Because of the bad publicity earned by importers such as Wal Mart and C&A after the recent factory fire in Bangladesh, more and more importers are considering social audits as a normal part of their supplier monitoring process.
In practice, I guess there are two factors at work:
- Some retailers are pushing for tougher standards, and the importers that sell into those channels need to satisfy this new demand.
- Some purchasers feel the need to cover their a** by ordering reassuring reports from well-known auditing agencies.
And, naturally, providers of social audits try to take advantage of these fears. Here is an example (link to source):
As professionals of this field know, a social audit report usually looks better than the true situation in the factory. There are four reasons for this:
- Many violations are hidden on the audit day, since the auditor’s coming is announced. For example, in that now famous Bangladeshi factory, exit doors were locked every day but were open during audits (by the way, I don’t think barred windows are considered a violation).
- Operators can be trained to tell lies when asked the most common questions. This is frequent in large Chinese factories.
- Top managers make sure fake payroll & attendance records are prepared. Again, this is quite common in China.
- Many auditors routinely get bribed.
I described all this before in social compliance audits: perverse effects. It has been going on for many years.
And the situation is probably worse in China, because of a fundamental contradiction:
- The law stipulates a legal working time and a maximum overtime per month (and it automatically becomes one of the requirements for the audit to pass).
- Most of the factory workers want to work a lot of overtime — well above the legal limit — to earn more money. If this is denied, they will switch to another employer.
It means 99% of manufacturers do not respect the law, and need to cheat to pass an audit!
Are there better solutions? Yes, I think so. Here are two ways a big buyer can improve working conditions without resorting to social audits:
- Push manufacturers to open a dialogue between management and workers, as Tchibo has been doing (read about their program).
- Push manufacturers to improve their productivity, so that workers can earn their target salary while respecting the legal working time limit. I heard a few cases where this is happening.
The main constraint for importers comes from their customers’s requirements. If they are free from these constraints, there ARE alternatives to social compliance audits.
Traveling Gypsy says
I agree, Renaud! I have coined the phrase “The Broken System”
for the contradiction that occurs between what is takes to obtain business and what
it takes to sustain business. Everything the customer (retailer) requires to
obtain business, (cheaper, cheapest prices and faster, often unachievable
delivery dates) is the driving force for the lack of social compliance; i.e. falsified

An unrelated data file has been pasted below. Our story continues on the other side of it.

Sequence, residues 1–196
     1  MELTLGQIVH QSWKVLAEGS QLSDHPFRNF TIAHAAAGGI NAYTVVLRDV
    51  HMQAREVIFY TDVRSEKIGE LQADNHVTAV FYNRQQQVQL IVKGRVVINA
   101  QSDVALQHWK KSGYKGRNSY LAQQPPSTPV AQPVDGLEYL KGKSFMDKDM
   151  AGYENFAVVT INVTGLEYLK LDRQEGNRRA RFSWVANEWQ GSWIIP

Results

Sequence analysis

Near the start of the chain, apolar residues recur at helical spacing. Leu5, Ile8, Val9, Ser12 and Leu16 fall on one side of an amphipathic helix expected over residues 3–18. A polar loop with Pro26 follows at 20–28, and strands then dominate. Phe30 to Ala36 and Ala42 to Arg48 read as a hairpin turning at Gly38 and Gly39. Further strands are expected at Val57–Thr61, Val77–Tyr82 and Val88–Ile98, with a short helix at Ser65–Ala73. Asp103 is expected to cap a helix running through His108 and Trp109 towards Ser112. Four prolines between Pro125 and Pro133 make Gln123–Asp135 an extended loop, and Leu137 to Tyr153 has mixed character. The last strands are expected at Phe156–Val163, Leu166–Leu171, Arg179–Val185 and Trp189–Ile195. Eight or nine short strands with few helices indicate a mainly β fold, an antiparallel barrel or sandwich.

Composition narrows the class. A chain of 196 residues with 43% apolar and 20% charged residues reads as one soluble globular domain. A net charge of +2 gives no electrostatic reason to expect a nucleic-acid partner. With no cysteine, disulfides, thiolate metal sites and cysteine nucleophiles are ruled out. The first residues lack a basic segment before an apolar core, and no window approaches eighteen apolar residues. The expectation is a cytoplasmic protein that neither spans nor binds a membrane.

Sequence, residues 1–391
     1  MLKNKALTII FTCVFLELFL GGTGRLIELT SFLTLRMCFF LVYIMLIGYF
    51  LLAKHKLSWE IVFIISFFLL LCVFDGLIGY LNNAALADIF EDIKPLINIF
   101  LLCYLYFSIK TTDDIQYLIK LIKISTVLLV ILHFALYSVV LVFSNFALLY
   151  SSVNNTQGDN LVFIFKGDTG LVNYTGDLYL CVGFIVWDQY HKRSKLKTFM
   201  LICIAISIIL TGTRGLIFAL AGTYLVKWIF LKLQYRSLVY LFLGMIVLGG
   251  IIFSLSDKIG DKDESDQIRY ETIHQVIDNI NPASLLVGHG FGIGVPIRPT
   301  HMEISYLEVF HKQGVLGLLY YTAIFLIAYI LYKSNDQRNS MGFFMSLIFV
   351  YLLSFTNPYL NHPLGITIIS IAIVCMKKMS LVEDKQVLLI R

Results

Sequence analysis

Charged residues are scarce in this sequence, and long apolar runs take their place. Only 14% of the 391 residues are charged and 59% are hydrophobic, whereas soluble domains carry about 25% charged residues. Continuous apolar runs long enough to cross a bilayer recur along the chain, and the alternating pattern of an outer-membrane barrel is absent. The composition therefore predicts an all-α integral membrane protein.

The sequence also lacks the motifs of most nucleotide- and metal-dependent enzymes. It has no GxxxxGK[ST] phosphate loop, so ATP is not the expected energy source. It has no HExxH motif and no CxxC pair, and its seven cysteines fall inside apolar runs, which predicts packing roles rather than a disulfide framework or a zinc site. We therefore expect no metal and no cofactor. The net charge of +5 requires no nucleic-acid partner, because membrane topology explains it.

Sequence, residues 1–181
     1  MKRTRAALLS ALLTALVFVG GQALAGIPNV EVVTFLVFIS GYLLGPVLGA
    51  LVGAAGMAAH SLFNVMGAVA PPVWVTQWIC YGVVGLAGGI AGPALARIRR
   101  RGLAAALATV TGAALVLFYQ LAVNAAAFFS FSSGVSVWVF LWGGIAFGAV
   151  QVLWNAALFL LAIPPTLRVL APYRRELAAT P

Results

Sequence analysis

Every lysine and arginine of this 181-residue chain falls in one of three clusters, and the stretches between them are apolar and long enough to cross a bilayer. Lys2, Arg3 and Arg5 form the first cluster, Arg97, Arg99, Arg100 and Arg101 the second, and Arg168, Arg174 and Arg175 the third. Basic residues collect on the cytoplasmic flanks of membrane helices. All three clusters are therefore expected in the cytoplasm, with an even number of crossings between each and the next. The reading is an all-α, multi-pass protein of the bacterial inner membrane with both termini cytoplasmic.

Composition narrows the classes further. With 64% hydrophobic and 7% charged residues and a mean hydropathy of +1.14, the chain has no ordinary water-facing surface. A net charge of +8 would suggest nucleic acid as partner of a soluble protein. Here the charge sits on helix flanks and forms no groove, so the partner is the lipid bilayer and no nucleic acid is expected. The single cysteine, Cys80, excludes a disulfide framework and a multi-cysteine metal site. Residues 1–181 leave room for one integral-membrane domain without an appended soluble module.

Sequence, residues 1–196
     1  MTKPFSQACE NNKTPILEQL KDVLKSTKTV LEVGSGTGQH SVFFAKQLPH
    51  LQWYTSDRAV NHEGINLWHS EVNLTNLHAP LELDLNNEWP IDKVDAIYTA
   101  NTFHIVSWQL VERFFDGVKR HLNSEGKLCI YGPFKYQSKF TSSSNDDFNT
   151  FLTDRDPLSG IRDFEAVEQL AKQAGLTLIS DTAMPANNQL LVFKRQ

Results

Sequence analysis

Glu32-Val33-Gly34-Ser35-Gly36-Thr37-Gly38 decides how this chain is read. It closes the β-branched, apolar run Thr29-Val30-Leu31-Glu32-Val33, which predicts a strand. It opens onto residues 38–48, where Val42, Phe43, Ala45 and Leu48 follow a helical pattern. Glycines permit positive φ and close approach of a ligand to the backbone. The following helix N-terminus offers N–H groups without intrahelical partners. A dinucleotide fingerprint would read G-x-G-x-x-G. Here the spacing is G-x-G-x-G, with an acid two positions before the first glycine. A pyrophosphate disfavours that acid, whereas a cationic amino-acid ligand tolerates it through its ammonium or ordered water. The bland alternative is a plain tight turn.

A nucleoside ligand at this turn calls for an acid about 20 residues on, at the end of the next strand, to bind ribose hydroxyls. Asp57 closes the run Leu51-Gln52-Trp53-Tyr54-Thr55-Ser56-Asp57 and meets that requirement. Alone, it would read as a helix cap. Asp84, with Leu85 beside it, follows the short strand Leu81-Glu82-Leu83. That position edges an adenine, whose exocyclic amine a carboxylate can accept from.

records, workers coached to lie, bribery, all to receive a passing audit score
to sustain business. For a retailer, audits are nothing more than checks and
balances; a publicity safety net so that if and when a “Bangladesh” occurs, they
can pull out their trail of papers to cover their A$$ and blame the third party
inspection company or manufacturer. Anyone who has done an ounce of business in
China or any other third-world country knows that real changes come from
transparency, which takes time to develop, and by setting reasonable goals achievable
over time, not a CAP returned within 3 days. Part II of “The Broken System”,
which of course is all based on my opinion and experience, is damn PRC Law.
Again, anyone who has spent an ounce of time in China and is at all familiar
with China’s Labour Laws, would be completely validated to ask, “ Who wrote
this for China? Are we talking the same country?!” Talk about totally disjointed-
40hour work weeks with a maximum OT of 9hours?!?! Has the person, who wrote this,
ever been to China? I exchanged 4 emails yesterday with a retailer over locks
on the bathroom doors, “Per PRC Law”. Wait, bathroom doors, in China?! I should
add that this is after the factory was required to segregate the bathrooms…then
add male/female signage, can’t forget those!…then install privacy walls between
the toilets…wait…. doors would be nice, don’t you think?! yes! let’s add those!…
now, we’re at locks…Don’t get me wrong, I am all for developing a country, (and
having a better bathroom accommodations when I am there) but THAT + Cheaper
Prices, hell, even the same prices do not ≠. So, that’s where China screws themselves. In all
fairness, a US retailer can’t go into China and break the laws, pick and choose
what’s applicable and what’s not. China is the one not implementing and mandating
their own laws, because business and growth, even at the expense of their own,
is more important. I just wish everyone would get on the same page! We’re all
stepping over one another to get nowhere!
Renaud Anjoran says
The analogy I would use is that of the Tour de France. Every insider knows that every rider takes illegal substances to boost their performance. The Tour’s organizers need to show that, from time to time, they take strong measures (kicking a few riders out). All the teams try to out-smart the testers, for as long as they can. The public tries to convince itself that it’s all clean.
And, from time to time, you have a Lance Armstrong case. Tests get tighter for a while because there is more public scrutiny. That’s what’s happening right now after the fires in Bangladesh and Pakistan.